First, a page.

Lieutenant William Douglas Bell was born 17 April 1892 in Lindsay, Ontario to James Anthony and Katherine (Darach) Bell. He had four older brothers, George, Arthur, Fredrick Archibald and Walter. Their father was a civil engineer. At the time Bell enlisted, his parents were living in St. Thomas, Ontario, but Bell was living in Hamilton, Ontario.
Bell was admitted to the Law Society of Upper Canada as a law student in 1910. Law Society records indicate that he was articling under Captain Oswald D. Peat of the firm Lees, Hobson & Stephens in Hamilton, Ontario, who himself enlisted, and survived the War and with the firm McDonald & Boland in Toronto, Ontario.
Before enlisting with the CEF, Bell served in the Militia with The Queen’s Own Rifles of Canada. In November of 1914, Bell enlisted as a Private with the 19th (Central Ontario) Battalion. The 19th Battalion, which was composed of detachments from various Militia Regiments including The Queen’s Own Rifles of Canada and the 48th Highlanders of Canada, was raised in November of 1914 at Exhibition Park in Toronto, Ontario. The 19th Battalion went overseas to England in May of 1915 on SS Scandinavian. The Battalion went to France in September of 1915, where it was part of the 4th Canadian Infantry Brigade, 2nd Canadian Division.
Bell was promoted Lance Corporal in England in June of 1915 and to Sergeant in France on 12 November 1915. After undertaking Officer Training, he was commissioned as a Lieutenant in June of 1916 and returned to the 19th Battalion. Law Society of Upper Canada students Captain Maurice Cameron Roberts, MC, Private Stanley Smith and Lieutenant Maurice Fisken Wilkes also served with the 19th Battalion.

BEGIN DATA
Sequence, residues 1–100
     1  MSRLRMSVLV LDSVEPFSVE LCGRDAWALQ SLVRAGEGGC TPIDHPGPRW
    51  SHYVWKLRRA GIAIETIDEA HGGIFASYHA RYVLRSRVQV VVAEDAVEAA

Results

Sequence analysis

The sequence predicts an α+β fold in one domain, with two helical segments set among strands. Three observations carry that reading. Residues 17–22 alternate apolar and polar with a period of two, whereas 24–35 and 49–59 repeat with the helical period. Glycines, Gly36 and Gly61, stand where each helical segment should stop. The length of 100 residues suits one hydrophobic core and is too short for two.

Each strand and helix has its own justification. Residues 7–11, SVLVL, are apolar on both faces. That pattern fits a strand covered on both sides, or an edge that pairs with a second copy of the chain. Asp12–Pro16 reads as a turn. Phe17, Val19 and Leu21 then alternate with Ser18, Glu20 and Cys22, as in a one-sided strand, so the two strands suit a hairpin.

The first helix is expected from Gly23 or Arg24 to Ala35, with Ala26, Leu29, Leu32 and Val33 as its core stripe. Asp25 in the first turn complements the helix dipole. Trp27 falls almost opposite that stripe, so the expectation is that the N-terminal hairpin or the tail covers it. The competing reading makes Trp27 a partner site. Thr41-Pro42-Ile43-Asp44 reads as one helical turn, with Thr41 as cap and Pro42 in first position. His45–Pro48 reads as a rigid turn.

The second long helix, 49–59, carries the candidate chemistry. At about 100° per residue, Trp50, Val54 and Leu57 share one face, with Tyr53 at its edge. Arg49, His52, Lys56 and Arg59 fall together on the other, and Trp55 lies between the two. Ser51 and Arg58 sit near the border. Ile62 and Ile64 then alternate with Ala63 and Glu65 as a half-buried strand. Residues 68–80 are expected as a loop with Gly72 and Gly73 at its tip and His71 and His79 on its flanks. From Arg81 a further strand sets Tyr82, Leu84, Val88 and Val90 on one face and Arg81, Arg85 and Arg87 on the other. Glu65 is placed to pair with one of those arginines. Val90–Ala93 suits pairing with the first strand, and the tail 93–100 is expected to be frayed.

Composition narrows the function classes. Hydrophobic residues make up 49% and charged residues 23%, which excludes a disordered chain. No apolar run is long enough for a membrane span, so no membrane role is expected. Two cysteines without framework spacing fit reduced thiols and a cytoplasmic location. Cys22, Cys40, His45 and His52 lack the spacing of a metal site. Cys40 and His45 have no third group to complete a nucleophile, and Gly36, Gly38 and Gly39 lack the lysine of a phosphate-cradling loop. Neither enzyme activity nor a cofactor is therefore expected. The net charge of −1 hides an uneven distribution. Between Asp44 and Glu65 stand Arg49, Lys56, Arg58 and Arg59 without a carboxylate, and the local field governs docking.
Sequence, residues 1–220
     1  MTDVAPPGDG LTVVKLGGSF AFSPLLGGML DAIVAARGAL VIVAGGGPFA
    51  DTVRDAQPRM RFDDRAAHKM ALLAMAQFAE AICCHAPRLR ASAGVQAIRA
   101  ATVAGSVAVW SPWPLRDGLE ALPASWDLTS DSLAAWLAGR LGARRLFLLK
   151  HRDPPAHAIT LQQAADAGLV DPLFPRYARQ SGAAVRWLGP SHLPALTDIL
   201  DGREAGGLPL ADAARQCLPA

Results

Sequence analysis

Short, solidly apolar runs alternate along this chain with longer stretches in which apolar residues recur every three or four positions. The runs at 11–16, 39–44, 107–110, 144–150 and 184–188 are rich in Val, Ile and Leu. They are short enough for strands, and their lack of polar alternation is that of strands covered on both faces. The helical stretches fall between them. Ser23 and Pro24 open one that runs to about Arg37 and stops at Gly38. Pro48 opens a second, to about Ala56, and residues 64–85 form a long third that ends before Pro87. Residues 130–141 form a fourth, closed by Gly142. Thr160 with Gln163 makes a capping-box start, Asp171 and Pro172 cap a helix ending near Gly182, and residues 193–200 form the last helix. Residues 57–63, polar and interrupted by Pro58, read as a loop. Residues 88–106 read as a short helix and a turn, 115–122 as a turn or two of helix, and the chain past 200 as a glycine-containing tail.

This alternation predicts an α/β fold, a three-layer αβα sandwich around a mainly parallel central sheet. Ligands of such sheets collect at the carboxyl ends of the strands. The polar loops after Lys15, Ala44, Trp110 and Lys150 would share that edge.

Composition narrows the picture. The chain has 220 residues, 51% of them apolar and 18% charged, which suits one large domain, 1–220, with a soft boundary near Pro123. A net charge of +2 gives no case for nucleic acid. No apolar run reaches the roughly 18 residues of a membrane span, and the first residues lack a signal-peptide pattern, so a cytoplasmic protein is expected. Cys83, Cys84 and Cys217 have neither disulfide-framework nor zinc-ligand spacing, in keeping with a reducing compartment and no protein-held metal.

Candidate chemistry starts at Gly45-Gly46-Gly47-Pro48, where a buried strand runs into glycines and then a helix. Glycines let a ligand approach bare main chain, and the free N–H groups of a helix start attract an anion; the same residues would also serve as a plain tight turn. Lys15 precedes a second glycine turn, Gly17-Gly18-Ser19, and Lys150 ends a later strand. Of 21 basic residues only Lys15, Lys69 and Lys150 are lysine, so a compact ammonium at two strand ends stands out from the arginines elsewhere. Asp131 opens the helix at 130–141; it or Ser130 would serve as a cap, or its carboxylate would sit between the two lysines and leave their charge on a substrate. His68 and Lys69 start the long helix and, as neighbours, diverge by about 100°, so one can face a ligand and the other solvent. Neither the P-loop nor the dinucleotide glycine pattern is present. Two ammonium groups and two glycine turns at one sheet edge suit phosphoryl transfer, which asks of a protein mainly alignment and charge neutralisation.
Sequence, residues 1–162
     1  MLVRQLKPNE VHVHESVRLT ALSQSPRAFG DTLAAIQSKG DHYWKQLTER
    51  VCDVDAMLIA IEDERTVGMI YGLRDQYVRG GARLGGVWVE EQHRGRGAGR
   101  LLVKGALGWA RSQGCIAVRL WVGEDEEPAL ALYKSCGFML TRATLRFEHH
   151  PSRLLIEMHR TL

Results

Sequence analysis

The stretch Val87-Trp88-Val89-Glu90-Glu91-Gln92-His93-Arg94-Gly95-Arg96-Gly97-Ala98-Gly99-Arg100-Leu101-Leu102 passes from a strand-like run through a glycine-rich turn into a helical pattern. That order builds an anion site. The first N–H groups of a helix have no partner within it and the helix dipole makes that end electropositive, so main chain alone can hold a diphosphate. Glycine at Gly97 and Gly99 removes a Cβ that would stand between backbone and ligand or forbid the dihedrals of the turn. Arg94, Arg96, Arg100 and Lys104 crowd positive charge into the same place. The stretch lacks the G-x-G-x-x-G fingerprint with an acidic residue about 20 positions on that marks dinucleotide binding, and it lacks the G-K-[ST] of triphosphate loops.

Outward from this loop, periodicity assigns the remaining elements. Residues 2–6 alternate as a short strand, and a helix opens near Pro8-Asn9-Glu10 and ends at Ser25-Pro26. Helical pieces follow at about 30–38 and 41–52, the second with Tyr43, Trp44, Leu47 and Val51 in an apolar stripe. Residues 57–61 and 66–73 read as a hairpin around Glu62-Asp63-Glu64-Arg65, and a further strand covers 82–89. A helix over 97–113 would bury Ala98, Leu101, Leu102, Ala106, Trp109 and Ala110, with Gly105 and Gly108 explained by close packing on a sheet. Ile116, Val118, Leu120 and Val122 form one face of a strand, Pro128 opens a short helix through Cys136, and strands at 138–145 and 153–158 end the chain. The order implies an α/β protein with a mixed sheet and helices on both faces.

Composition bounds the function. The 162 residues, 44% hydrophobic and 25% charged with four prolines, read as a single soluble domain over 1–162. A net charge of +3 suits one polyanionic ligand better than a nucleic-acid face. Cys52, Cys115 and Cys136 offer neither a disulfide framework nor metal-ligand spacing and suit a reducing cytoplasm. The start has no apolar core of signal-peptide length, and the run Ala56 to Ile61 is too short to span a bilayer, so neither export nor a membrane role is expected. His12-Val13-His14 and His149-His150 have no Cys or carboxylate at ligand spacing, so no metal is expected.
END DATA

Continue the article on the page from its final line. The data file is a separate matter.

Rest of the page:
Bell was seconded to the 4th Brigade Machine Gun Company on 12 August 1916 and killed in action the following month, on 15 September 1916 he was killed on the first day of the Battle of Flers–Courcelette, the first battle of the third phase of Battle of the Somme. He was 24. Bell died on the same day as Wilkes and Lieutenant William Hartley Willard, also a Law Society of Upper Canada student.
Bell’s body was not recovered and he is one of the many Canadians memorialized at the Vimy Memorial in France. The Vimy Memorial overlooks the Douai Plain from the highest point of Vimy Ridge, about eight kilometres northeast of Arras. The ramparts of the Vimy Memorial are inscribed with the names of over 11,000 Canadians who are missing and presumed to have died in France.
There is little in the official record of the CMGC with respect to their actions on 15 September 1916. According to Lieutenant Colonel C.S. Grafton’s history of the CMGC, The Canadian ‘EMMA GEES’:
On this day, when Canadian arms won new lustre, reports from many of the Brigade Machine Gun Companies seem to be totally missing……Apparently the new formations, while they believed they were fighting a war to end all war, had no notion that they were also supposed to do a little writing for posterity.
Law Society of Upper Canada students Lieutenant Maurice Fisken Wilkes, Corporal Stanley Smith and Captain Maurice Cameron Roberts, MC also served with the 19th Battalion.
Bell’s brothers, Captain Arthur Robert Bell, Captain George Edward Bell and Walter Andrew Bell, also enlisted. They survived the War.
Shea, E. Patrick; Gowling, Lafleur, Henderson (Firm); and Highlanders Foundation, “The Great War Law Student Memorial Project” (2014). Digital Texts. 2.